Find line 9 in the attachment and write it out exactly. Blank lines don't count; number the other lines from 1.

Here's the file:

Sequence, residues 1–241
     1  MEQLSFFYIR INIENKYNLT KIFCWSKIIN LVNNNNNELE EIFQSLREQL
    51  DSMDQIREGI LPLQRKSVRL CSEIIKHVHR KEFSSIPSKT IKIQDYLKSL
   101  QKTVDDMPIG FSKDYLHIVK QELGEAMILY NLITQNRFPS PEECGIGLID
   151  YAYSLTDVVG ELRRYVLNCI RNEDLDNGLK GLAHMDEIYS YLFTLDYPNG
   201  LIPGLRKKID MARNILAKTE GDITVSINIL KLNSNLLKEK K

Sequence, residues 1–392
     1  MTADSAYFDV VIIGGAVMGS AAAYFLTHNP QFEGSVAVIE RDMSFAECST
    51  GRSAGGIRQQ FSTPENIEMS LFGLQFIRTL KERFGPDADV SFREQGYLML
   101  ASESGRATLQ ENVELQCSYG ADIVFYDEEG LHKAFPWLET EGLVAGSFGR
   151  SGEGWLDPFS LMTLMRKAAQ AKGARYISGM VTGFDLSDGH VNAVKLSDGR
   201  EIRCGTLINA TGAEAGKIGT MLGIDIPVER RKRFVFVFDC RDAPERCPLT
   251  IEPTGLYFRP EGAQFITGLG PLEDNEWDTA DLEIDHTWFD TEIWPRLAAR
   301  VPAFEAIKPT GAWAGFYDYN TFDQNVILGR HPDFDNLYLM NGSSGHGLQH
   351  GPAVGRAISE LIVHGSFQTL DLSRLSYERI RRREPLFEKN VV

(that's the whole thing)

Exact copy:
    51  GRSAGGIRQQ FSTPENIEMS LFGLQFIRTL KERFGPDADV SFREQGYLML